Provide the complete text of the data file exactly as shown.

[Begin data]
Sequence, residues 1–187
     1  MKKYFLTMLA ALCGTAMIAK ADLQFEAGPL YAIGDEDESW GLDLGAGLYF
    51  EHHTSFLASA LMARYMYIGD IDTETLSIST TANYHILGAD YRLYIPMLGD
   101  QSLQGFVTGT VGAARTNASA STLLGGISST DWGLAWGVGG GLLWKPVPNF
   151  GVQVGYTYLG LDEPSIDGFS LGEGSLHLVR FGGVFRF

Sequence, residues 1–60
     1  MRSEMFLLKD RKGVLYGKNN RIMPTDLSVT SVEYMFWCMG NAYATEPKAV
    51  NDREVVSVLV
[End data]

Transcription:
Sequence, residues 1–187
     1  MKKYFLTMLA ALCGTAMIAK ADLQFEAGPL YAIGDEDESW GLDLGAGLYF
    51  EHHTSFLASA LMARYMYIGD IDTETLSIST TANYHILGAD YRLYIPMLGD
   101  QSLQGFVTGT VGAARTNASA STLLGGISST DWGLAWGVGG GLLWKPVPNF
   151  GVQVGYTYLG LDEPSIDGFS LGEGSLHLVR FGGVFRF

Sequence, residues 1–60
     1  MRSEMFLLKD RKGVLYGKNN RIMPTDLSVT SVEYMFWCMG NAYATEPKAV
    51  NDREVVSVLV